Page:Rolland - People's Theater.djvu/146

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But this knowledge of the past does more than instil lessons of tolerance: such indulgent skepticism is but the first step. The spectacle of change only increases the solidity of what remains unchangeable. It is one of the chief assets of history that it separates the rock from the sands that cover it. In place of the blind instinct of the mob it furnishes the moral unity of the family, cemented by the triple bond of blood, thought, and trials shared. It need not of necessity awaken fanatic chauvinism, but only a spirit of fraternal solidarity among all the men of one nation. Let each individual realize the links binding him to the community, and may his life become richer from his knowledge of the lives that have been and are to be. With such a conscience, he will see more urgent reasons for action.[1] The spirit which is evoked out of past centuries is for the centuries to come. If we would create strong souls, let us nourish them with the strength of the whole world.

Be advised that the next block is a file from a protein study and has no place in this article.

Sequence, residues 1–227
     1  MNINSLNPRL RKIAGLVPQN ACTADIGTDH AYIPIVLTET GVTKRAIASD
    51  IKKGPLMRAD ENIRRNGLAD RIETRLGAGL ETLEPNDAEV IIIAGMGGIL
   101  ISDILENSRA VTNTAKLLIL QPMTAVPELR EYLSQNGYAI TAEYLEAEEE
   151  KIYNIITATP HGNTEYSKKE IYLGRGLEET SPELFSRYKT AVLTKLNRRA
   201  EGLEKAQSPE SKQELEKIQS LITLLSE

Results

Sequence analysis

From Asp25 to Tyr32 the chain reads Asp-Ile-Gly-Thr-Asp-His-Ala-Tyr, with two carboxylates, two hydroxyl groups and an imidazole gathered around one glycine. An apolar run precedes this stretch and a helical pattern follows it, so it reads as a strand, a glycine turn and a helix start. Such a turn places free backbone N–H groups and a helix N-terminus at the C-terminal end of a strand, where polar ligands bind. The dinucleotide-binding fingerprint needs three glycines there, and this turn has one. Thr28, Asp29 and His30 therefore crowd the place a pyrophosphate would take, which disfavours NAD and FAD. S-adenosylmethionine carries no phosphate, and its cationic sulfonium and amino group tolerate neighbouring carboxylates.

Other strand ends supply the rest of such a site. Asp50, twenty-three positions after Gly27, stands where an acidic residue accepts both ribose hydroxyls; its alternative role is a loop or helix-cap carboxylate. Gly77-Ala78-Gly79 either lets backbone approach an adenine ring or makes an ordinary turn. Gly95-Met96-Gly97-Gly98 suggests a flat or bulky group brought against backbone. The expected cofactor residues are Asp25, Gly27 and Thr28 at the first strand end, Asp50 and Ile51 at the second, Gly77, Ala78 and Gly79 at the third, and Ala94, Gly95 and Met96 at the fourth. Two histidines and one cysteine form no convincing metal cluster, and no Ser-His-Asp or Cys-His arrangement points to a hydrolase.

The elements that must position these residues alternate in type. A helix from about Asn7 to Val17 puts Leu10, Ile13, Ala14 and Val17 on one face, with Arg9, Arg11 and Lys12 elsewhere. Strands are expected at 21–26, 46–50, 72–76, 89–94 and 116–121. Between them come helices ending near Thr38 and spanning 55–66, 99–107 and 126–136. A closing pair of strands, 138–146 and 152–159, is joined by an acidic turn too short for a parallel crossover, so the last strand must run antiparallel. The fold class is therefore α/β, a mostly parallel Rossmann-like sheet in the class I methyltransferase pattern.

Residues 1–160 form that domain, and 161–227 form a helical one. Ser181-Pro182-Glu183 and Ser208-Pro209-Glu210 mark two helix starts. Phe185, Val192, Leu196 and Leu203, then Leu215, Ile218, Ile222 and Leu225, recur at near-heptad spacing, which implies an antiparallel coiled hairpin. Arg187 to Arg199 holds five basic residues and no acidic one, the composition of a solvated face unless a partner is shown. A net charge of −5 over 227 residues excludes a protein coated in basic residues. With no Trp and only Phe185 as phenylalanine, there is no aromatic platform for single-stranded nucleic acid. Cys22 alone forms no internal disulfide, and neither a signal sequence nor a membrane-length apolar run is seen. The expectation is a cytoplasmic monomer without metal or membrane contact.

The world—for the nation alone is not enough. A hundred years ago the enlightened Schiller said: "I write as a citizen of the world. Early in life I exchanged my fatherland for humanity."[2] Almost a century ago, the serene Goethe said: "National literature means very little today: world literature is at hand, and each one must labor to make it an ac-

  1. "History is to the people what memory is to individuals: the thread connecting our yesterday with our today, forming the basis of our very existence and, through experience, constituting the means of all perfection." Lamartine, in 1864.
  2. 1783.